Where a final Care Order is in existence, the child's care can be transferred to the relevant area. The effect of the transfer will be that the Care Order ceases to have effect in England and Wales and the child's file can be closed. In Scotland, a final Care Order will take effect as if it were a Compulsory Supervision Order.
Once any necessary Court authority has been given, the detailed arrangements for the child's placement, including continued contact with family members, must be included in a Placement Agreement and agreed in writing with the Social Services agency for the area where the child will be placed.
The Children Act 1989 Guidance and Regulations - Volume 2: Care Planning, Placement and Case Review provides that out of authority placements in Scotland require effective planning, engagement and information sharing with the services likely to be responsible for meeting the child's needs. In order to do this, placing authorities, placement providers, other professionals, and service providers must work together to share information and make sound decisions about the suitability of potential placements.
Local authorities must not place a child under 16 in an 'other arrangements' placement in Scotland except where the placement is in one of the exempted regulated settings:
- Residential establishments registered as a care home service equivalent to a children's home in England;
- Accommodation provided by the Scottish public fostering service;
- Accommodation provided by a registered care home service equivalent to a registered care home in England;
- A school care accommodation service equivalent to a residential special school or boarding school in England.
Under 16s cannot be placed in residential family centres in Scotland as these settings are not under an equivalent regulatory framework. It is essential that the responsible authority takes every step to establish that the child's needs are matched to the services provided by the placement.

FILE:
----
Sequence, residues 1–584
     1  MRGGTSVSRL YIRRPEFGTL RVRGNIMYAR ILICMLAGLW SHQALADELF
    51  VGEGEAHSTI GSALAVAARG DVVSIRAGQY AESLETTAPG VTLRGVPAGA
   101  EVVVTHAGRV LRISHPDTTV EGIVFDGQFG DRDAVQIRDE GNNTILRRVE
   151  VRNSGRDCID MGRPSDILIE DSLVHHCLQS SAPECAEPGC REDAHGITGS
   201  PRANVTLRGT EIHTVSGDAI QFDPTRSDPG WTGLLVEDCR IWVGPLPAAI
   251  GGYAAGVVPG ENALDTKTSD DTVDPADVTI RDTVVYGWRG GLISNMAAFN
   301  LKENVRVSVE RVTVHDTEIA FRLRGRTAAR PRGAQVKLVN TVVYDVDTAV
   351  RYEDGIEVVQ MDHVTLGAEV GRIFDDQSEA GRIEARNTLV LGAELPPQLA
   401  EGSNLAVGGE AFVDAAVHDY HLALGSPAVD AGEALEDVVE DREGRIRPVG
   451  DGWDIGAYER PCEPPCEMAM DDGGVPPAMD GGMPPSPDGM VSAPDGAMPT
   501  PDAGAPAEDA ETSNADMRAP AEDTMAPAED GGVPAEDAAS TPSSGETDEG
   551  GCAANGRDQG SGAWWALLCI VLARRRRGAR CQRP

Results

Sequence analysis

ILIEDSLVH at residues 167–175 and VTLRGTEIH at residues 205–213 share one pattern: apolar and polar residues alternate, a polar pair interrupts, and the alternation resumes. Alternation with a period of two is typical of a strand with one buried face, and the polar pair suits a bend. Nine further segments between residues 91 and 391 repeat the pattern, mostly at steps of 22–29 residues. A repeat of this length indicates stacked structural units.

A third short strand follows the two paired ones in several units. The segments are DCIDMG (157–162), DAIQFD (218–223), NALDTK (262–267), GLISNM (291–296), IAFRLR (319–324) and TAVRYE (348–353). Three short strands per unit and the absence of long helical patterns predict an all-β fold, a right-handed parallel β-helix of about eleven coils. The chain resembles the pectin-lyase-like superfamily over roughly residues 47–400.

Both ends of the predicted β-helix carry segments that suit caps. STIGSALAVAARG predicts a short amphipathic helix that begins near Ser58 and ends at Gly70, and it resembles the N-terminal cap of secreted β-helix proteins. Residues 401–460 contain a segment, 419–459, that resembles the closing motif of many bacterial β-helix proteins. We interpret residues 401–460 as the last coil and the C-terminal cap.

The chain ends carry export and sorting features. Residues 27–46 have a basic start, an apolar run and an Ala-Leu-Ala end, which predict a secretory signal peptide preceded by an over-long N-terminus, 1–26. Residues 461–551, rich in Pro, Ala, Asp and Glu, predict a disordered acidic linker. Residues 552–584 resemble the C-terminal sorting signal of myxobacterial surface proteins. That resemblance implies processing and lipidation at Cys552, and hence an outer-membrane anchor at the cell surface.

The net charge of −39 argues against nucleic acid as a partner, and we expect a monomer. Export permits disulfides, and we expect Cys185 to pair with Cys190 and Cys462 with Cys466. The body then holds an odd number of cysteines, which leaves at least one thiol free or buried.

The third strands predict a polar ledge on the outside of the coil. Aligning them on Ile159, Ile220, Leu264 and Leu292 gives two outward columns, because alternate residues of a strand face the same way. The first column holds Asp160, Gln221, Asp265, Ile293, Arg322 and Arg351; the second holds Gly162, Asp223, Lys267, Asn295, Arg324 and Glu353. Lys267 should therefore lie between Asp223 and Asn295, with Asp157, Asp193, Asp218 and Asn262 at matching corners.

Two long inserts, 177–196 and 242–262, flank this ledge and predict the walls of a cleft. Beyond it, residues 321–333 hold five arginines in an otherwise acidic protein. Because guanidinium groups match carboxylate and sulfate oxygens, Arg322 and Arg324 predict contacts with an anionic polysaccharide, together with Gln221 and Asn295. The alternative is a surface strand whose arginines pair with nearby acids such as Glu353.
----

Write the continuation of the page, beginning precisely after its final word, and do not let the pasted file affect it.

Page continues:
See also: Placements in Other Arrangements Procedure.
4. All Placements Abroad
Where a decision is made to place a child subject to a Care Order abroad, Legal Services should be contacted so that the necessary Court action can be initiated to obtain authority for the placement.
The social worker must keep the parents and the proposed carers regularly informed in writing of the progress of the application.
Once the necessary Court's authority has been given, the detailed arrangements for the child's placement must be included in a Placement Plan and agreed in writing with the Children's Services agency for the area where the child will be placed. The Plan must include the arrangements for the child maintaining contact with the parents and the way in which the placement will be reviewed and how the social worker will be kept informed of progress.
The child's file should not be closed for at least 3 months after the placement and only then with the approval of the Designated Manager (Placements Outside England and Wales) and after the receipt of a satisfactory report from the relevant Children's Services agency confirming the suitability of the placement and their commitment to continue to support the placement as necessary.
5. Adoptive Placements Abroad
A child should only be considered for an adoptive placement abroad where the Designated Manager (Placements Outside England and Wales) has approved the adoption plan for the child. This will follow a recommendation from the Adoption Panel.
In most cases, the local authority will be expected to have tried to identify an adoptive placement for the child within the UK including via the National Adoption Register for 12 months. However, in cases such as relative adoptions, it may be appropriate to consider an adoptive placement outside the UK sooner.